So many further questions that might prompt different approaches to understanding wisdom are not likely addressed in standard academic discussions. These are not randomly chosen, there is a reason for raising them:
1. Is there only one kind of wisdom or are there competing “wisdoms” (e.g., is a winemaker’s wisdom identical to that of a professor of political science or that of a Baptist minister? In other words, is wisdom flavored by persons (and their life circumstances) who embody the trait(s) we call wisdom?
2. What is having wisdom subjectively like and can it be turned off and on and is it useful anywhere—even on a trip to Cancun or a party on New Year’s Eve?
3. Can someone be wise and still occasionally “screw up” when rendering pithy advice?
4. What might it be like to be wise?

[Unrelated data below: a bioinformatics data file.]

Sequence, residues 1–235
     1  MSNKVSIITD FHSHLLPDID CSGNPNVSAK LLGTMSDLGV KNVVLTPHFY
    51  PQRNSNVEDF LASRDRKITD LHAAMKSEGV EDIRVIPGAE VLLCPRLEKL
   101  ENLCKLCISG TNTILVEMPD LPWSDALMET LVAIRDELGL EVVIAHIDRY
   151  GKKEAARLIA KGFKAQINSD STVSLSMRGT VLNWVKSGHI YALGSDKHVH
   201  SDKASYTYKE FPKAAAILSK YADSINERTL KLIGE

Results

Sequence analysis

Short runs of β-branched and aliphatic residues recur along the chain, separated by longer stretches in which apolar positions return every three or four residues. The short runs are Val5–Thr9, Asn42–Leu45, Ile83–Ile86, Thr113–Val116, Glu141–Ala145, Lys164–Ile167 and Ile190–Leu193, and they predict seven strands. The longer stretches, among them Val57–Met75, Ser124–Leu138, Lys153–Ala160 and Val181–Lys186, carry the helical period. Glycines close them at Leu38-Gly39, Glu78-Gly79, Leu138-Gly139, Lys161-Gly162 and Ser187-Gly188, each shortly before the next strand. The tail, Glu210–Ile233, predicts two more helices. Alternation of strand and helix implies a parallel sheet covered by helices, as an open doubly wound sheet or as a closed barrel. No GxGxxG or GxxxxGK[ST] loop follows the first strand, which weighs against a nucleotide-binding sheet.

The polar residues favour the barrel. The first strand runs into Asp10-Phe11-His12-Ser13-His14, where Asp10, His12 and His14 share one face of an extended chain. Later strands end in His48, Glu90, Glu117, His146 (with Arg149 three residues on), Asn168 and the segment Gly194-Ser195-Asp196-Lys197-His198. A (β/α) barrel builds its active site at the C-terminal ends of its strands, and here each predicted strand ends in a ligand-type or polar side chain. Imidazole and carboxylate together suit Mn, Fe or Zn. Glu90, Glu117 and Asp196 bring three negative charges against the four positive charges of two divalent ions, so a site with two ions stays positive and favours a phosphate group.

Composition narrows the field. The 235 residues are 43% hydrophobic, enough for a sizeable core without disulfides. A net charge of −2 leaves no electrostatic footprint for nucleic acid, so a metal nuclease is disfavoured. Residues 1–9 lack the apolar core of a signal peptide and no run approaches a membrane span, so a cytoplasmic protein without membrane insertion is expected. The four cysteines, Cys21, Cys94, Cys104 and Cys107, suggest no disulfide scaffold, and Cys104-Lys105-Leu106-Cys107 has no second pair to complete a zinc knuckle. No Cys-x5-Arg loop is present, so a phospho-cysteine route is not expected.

5. A general, unnumbered further conglomeration of questions:
Would the “reality” a wise person perceives be different, in some way, from that of a non-wise or ordinary person? How wise can someone be—slightly, a lot, or just some middling amount? Did they begin life as a “normal” person and then grow differently—were they peculiar children? If so, how and what prompted the change of their narrative arc in the direction of wisdom? Did their thoughts become different or their emotions or their senses or their ways of making sense of the world as they became wiser?
How might they describe their own thinking? Are their minds embedded in the present world, present reality, or are they shifting from now into the past into the future? How do they mush all the attributes of wisdom together into some kind of coherent thought process or observation or action? Do they develop foresight and anticipate the future more than “ordinary” people commonly do? Do wise people, with a spiritual inclination, have inward experiences akin to mystical experiences and insights? What worries them? Is the wise person sufficiently self-aware to accurately describe all their own workings? What would life be like to be wise even when it’s not needed? Is wisdom mentally or emotionally draining?